Grammar time! Today we’re looking at three combinations of words that you will see together frequently. When learning another language, it’s very helpful to learn and memorize combinations. This saves time, helps you recognize patterns, and explains weird rules that don’t make sense.
In English, there are some prepositions that almost always follow certain adjectives in certain situations. You will simply need to memorize these combinations and when to use them.
- Remember, adjectives are words that describe nouns. Prepositions are words that show location or connect words.
Let’s look at three combinations.
This adjective – married – is used to indicate the condition of marriage. Married describes the person and their condition of marriage. We use the preposition “to” after the adjective “married” to show who shares in the condition of marriage.
It follows this pattern: married + to + person. It always follows this pattern, unless you’re forming a question.
- I am married to him.
- He is married to Julia.
- Are you married to Fred?
Notice the pattern: married + to + person.
- I am [married] + [to] + [him].
- He is [married] + [to] + [Julia].
- Are you [married] + [to] + [Fred]?
- I am married him. (This sentence doesn’t make sense because it doesn’t have the preposition.)
- He is married Julia. (This sentence doesn’t make sense because it doesn’t have the preposition. Or it seems like you’re talking to someone named Julia and you mean to say, “He is married, Julia,” telling Julia that someone male is married.)
- Are you married Fred? (This sentence seems like you’re talking to someone named Fred and mean to say, “Are you married, Fred?”, asking Fred if he is married.)
Be careful to not get confused between using the adjective “married” by itself and when you need to use the preposition with the adjective.
- Adjective + preposition combo = who they are married to. Use the adjective + preposition combination when you want to show who the person shares the marriage status with. Who they are married to. Example: I am married to Sally.
- Adjective = married status. Use only the adjective if you simply want to show that the person is married, to show their marriage status. Example: I am married.
“Interested in” shows interest in a certain topic or subject. For example, if I have interest in doing something or pursuing an idea, I use this pattern of adjective + preposition / interested + in.
It follows this pattern: interested + in + topic. It always follows this pattern.
- I am interested in painting.
- He was interested in graphic design but not anymore.
- We are interested in going with you to the park.
Note the pattern: interested + in + topic
Here’s the breakdown of the pattern for each example.
- I am [interested] + [in] + [painting]. (Painting is the topic that you express interest in doing.
- He was [interested] + [in] + [graphic design] but not anymore. (Graphic design is the topic.)
- We are [interested] + [in] + [going with you to the park]. (The topic that we are expressing interest in doing is going to the park with you.)
- I am interested painting.
- He was interested graphic design but not anymore.
- We are interested going with you to the park.
All of these examples are missing the preposition “in” and don’t make sense.
Be careful not to get confused between the use of just the adjective “interested” and the adjective + preposition combination of “interested in”.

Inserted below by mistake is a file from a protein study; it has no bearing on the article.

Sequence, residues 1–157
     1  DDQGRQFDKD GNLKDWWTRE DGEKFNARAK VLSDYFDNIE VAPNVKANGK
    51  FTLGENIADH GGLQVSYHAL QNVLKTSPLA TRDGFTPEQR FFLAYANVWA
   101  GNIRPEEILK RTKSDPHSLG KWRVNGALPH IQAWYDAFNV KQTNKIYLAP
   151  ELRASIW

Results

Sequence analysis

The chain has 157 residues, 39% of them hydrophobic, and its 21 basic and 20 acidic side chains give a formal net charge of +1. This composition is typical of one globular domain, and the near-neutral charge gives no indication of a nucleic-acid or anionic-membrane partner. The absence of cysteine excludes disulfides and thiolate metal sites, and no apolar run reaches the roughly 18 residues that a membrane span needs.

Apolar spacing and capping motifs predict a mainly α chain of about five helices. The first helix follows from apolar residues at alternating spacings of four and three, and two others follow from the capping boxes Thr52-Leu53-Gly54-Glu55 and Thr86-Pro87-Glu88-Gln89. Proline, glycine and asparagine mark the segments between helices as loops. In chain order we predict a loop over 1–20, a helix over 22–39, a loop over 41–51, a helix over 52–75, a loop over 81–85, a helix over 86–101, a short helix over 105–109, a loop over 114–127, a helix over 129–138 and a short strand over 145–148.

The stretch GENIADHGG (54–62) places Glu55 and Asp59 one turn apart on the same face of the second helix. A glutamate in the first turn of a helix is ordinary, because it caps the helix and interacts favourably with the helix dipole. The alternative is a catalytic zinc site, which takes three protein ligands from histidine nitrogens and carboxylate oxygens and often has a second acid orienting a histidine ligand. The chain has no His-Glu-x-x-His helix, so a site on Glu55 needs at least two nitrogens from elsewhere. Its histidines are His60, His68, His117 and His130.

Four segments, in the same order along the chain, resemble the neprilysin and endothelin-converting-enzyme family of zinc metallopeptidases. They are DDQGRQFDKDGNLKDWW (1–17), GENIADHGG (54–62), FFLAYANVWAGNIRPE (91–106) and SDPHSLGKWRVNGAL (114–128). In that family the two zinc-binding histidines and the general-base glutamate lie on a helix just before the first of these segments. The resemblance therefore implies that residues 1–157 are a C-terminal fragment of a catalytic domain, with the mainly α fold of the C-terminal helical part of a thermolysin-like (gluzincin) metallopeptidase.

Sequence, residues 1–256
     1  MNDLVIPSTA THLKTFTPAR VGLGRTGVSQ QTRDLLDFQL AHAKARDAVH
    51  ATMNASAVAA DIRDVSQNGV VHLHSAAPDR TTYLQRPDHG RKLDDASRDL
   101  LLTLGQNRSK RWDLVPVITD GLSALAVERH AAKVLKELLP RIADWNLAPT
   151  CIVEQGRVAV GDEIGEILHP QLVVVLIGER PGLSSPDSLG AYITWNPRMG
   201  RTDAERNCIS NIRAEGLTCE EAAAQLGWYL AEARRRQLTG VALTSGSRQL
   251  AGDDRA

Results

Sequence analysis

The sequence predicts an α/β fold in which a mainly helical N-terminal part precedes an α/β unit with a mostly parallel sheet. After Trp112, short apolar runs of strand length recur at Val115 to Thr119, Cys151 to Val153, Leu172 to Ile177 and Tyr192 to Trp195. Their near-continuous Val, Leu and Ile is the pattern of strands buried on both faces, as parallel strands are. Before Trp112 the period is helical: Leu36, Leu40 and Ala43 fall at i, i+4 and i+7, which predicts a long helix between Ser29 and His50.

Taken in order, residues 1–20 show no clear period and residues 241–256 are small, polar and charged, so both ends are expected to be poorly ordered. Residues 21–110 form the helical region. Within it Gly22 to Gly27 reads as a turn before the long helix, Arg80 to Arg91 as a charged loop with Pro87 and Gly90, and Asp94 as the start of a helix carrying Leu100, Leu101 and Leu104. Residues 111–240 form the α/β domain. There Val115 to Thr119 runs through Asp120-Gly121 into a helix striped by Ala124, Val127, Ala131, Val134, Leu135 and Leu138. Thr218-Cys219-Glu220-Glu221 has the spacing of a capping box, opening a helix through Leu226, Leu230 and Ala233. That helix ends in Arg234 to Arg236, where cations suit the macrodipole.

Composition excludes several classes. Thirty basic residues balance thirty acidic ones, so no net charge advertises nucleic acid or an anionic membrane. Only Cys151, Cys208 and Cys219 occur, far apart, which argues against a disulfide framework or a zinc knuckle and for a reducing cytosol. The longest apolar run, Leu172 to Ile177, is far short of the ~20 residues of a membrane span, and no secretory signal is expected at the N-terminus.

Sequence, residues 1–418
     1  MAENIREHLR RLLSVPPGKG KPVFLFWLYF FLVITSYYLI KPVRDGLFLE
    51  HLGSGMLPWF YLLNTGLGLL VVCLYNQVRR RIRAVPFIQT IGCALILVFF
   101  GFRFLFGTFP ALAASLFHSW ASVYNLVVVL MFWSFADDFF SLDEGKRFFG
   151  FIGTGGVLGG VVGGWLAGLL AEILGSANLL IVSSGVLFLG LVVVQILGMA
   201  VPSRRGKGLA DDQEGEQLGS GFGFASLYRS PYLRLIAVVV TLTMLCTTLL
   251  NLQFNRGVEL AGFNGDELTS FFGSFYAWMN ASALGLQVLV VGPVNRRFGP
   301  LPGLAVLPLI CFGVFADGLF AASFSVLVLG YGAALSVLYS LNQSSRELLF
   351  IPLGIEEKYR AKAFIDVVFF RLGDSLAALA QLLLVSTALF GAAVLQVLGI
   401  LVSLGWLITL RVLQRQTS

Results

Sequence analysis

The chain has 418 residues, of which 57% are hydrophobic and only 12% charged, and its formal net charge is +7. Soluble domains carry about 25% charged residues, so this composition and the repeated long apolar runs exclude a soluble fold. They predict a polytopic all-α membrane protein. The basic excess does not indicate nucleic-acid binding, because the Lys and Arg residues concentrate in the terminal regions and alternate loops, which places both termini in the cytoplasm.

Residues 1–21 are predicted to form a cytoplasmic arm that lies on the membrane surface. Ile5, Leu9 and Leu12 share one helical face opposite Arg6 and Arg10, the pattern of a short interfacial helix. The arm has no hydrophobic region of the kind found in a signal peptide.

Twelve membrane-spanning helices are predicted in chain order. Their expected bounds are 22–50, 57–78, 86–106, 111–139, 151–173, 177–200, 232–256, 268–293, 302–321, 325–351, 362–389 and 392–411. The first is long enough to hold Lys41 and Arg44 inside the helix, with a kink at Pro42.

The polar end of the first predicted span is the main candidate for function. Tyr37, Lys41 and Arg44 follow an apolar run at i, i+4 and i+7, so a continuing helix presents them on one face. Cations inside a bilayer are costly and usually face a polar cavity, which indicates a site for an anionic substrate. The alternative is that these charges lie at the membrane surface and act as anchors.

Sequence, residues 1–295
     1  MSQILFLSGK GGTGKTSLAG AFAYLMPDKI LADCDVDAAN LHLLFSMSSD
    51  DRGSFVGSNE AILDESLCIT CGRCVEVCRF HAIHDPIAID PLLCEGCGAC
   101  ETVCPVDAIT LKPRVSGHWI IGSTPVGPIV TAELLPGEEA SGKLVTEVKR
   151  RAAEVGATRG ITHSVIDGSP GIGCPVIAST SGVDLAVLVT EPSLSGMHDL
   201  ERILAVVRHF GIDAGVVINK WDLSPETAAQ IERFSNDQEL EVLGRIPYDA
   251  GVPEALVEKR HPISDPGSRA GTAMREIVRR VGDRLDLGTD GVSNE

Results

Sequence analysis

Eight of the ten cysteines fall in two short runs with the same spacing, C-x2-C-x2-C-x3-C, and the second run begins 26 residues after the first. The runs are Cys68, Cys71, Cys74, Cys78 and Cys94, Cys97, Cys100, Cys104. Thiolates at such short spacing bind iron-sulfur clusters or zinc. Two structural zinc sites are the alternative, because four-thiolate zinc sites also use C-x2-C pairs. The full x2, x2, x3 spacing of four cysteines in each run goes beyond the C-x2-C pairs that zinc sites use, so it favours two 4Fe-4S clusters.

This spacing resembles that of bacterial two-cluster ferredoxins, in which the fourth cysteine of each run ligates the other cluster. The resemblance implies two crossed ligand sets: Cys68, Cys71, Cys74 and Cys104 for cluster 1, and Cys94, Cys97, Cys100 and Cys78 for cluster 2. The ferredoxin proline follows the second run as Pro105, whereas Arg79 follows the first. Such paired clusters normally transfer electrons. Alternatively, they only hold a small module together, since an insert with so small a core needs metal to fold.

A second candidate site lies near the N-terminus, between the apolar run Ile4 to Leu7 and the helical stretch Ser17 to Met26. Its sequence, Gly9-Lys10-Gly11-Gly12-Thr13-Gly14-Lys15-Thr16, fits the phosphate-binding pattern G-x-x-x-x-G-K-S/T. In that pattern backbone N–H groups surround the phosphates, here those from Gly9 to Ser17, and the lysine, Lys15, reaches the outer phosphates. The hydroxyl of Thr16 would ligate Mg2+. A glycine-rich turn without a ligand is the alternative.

- Adjective Only = referred interest. Use just the adjective “interested” to show interest in what the person already referred to. Example: Would you like to go to the movies with us? I am interested.
- Adjective + Preposition Combo = specify where your interest is. Use the adjective + preposition combination when you want to specify where your interest is at or what interests you. Example: I am interested in going to the movies with you.
“Angry at” is a combination that expresses anger and describes someone who is angry and why they’re angry. When you’re angry at something or someone, you direct your anger towards that something or someone, usually because they did something to make you angry.
- She was always angry at the dog for sleeping on her toes.
- They are angry at the government.
- I will be angry at you if you don’t do the dishes.
The pattern for this combination is: “angry” + “at” + “someone/something”.
- She was always [angry] + [at] + [the dog] for sleeping on her toes. (The dog made her angry.)
- They are [angry] + [at] + [the government]. (The government made them angry.
- I will be [angry] + [at] + [you] if you don’t do the dishes. (You will make me angry if you don’t do the dishes.
Note that the last part of the combination is always an object or a person – the dog, the government, and you.
Be careful not to confuse the difference between just the adjective “angry” and the adjective + preposition combination of “angry at”.
- Adjective + Preposition Combo = specify who or what. Use the adjective + preposition combination when you want to specify who or what made you angry. Example: I am very angry at you.
- Adjective Only = anger. Use just the adjective “angry” when you simple want to express that you are angry. Example: I am very angry.
Notice that in all three of these examples, you use the preposition with the adjective to specify details regarding the adjective. “Married to” specifies who you are married to. “Interested in” specifies what you’re interested in. “Angry at” specifies who you’re angry at.
Understanding, learning, and using these three combinations will help you become even more fluent in speaking and using English. The easiest way is to memorize this. When you use the adjective, remember that you probably need to use the preposition if you’re going to express more information.
And just for fun, check out this example with all three examples:
I am angry at you for being interested in getting married to that guy.